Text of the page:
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The “Scream” franchise set the bar for intelligent modern horror, providing a blueprint for self-aware horror and the art of the trilogy.

For many fans, Randy Meek’s (Jamie Kennedy) death in Scream 2 left a huge void. So, to have five minutes of Randy on VHS in Scream 3 was pure jubilance. When it comes to the third installment, Randy’s last piece of wisdom from “Scary Movies 101” reveals a particular observation within the trilogy.

Randy leans into the camera.

“But here’s the critical thing. If you find yourself dealing with an unexpected backstory and a preponderance of exposition, then the sequel rules do not apply. Because you’re not dealing with the sequel. You are dealing with the concluding chapter of a trilogy. That’s right. It’s a rarity in the horror field but it does exist, and it is a force to be reckoned with. Because true trilogies are about going back to the beginning and discovering something that wasn’t true from the get-go.”

We present some notable characters, from the third films of popular horror franchises, that represent Randy’s Super Trilogy Rules.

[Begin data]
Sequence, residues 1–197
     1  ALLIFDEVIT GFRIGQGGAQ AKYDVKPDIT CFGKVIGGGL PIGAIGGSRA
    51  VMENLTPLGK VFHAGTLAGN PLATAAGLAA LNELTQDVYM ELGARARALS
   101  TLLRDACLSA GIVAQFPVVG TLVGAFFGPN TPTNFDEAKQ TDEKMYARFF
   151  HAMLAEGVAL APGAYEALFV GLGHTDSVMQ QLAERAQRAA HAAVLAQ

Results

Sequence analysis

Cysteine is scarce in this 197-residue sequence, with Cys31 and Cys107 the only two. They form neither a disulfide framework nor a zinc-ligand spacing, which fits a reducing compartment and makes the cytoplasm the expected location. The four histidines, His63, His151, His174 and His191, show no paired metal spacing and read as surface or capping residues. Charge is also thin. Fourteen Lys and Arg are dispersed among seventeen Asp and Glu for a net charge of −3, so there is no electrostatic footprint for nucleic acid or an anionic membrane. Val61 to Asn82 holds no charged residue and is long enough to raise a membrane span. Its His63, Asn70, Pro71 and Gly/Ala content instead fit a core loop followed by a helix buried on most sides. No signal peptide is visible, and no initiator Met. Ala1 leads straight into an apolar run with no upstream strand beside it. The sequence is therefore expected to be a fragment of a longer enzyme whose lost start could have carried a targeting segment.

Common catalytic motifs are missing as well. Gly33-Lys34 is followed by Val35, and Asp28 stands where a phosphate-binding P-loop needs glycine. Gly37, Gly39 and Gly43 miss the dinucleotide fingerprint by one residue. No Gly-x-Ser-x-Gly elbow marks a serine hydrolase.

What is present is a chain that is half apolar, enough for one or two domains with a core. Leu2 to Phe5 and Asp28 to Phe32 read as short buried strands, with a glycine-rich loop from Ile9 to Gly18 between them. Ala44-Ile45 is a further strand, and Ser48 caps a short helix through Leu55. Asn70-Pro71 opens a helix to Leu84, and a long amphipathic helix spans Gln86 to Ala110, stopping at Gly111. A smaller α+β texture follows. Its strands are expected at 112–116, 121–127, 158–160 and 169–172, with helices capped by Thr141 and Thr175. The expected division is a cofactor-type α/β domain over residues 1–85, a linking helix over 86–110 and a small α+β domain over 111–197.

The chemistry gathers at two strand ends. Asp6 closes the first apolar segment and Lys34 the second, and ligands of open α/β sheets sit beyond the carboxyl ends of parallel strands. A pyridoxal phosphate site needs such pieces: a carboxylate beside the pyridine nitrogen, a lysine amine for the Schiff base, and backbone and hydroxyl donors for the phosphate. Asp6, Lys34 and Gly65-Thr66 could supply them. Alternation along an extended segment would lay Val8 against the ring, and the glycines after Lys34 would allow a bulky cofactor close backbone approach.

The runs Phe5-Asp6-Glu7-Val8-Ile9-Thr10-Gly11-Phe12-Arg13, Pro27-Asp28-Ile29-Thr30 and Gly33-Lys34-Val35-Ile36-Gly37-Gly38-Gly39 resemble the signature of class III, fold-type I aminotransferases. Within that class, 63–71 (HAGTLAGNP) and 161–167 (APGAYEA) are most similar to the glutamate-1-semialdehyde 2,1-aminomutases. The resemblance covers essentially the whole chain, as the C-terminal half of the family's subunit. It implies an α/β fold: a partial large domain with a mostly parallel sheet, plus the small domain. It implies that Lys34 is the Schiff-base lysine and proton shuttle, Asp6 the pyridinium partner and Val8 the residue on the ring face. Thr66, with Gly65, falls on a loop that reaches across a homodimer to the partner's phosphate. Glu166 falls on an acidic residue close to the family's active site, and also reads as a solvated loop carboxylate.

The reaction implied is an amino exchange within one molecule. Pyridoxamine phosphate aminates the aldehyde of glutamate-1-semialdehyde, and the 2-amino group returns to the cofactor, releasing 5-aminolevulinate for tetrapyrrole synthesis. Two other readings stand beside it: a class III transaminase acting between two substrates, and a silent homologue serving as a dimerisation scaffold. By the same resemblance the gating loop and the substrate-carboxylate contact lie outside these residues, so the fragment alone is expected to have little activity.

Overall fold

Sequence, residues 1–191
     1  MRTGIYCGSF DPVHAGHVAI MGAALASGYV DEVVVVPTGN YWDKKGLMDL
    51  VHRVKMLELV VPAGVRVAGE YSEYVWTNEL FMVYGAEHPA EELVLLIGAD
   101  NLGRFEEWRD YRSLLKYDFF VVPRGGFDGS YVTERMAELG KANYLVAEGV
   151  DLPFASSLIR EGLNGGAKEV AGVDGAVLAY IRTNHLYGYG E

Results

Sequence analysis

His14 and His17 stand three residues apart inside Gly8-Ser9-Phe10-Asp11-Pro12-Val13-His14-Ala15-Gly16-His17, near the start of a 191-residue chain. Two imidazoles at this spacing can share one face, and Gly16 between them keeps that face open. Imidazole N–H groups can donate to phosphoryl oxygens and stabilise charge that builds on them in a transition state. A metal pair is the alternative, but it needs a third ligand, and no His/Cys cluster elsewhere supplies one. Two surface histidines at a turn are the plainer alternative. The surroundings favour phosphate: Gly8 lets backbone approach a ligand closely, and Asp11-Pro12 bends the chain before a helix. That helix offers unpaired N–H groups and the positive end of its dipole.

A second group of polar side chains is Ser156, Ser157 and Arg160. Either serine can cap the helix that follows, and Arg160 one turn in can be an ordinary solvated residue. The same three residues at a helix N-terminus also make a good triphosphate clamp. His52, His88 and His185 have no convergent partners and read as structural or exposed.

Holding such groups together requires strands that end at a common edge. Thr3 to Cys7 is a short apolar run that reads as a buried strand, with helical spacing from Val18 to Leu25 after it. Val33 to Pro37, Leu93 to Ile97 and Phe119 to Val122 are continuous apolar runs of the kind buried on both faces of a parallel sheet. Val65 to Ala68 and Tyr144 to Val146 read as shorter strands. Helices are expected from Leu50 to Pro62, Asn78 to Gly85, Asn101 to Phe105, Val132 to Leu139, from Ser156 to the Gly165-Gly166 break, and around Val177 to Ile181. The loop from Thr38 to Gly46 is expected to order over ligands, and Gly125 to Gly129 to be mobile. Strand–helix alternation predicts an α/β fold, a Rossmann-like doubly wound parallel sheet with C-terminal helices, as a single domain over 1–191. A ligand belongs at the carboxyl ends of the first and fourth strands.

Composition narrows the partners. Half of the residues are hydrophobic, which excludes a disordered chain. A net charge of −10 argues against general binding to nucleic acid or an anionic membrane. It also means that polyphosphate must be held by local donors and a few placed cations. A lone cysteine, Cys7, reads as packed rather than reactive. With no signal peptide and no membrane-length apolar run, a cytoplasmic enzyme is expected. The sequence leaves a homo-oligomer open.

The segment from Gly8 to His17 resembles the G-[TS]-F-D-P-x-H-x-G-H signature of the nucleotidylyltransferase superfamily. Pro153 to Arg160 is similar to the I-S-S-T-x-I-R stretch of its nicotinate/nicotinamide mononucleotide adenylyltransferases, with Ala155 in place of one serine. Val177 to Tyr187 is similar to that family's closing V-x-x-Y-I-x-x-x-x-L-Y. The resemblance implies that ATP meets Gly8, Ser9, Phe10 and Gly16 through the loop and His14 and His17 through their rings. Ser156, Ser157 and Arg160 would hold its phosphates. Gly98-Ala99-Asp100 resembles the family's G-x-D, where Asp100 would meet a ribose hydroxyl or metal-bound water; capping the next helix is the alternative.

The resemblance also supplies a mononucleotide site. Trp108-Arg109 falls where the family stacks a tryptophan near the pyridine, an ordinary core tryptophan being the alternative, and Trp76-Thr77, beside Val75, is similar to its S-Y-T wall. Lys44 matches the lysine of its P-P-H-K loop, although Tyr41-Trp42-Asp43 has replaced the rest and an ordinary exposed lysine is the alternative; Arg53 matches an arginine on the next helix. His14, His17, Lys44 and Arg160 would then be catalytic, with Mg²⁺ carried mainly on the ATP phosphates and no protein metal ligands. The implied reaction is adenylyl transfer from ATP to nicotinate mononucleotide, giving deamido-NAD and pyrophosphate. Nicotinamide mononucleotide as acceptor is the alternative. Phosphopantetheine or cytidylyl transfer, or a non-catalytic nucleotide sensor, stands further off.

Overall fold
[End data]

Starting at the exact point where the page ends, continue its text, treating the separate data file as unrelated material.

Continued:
“Rule One: You’ve got a killer who’s going to be superhuman.” Victor Crowley

“Stabbing him won’t work, shooting him won’t work. Basically, in the third one, you gotta cryogenically freeze his head, decapitate him or blow him up.”

Shooting, hacking, and even R.A. Mihailoff wrestling with Victor Crowley (Kane Hodder) could never kill the beast within the first two films of Adam Green’s beloved splattered franchise.

As Reverend Zombie (Tony Todd) explains to Marybeth Dunston (Danielle Harris) in Hatchet II, “You can’t kill a ghost.” Zombie then guides Marybeth through the backstory of the Dunston and Crowley karmic connection.

In Hatchet III, it takes Marybeth handing Crowley his father’s ashes to dissolve their fathers’ generational curses as Victor melts into the closure of himself.

The spirit of Crowley remained absent until resurrected cleverly in the fourth installment, Victor Crowley. It isn’t violence that can kill off Crowley; in fact, that made him more superhuman. It was his soul’s need to end the pain and longing of justice.

 “Rule Two: Anyone, including the main character, can die.” Nancy Thompson

“This means you Sid, I’m sorry. It’s the final chapter.”

Our favorite heroine of dreams, Nancy Thompson (Heather Langenkamp) returns as a therapist in A Nightmare on Elm Street 3: Dream Warriors to help young adults who are at the REM mercies of Freddy Krueger (Robert Englund), a hell she knows all too well.

With the second Nightmare taking a different turn and only connecting us to Nancy’s journal entry of who Freddy was, there is a comfort in her return.  If anyone could take on the bastard of nightmares and survive, it’s her. Unfortunately, Nancy dies, and Wes Craven reminds us that no one is invincible in Krueger’s world.

In the seventh installment, New Nightmare, Langenkamp appears as her own persona with a small trip as “Nancy” towards the end.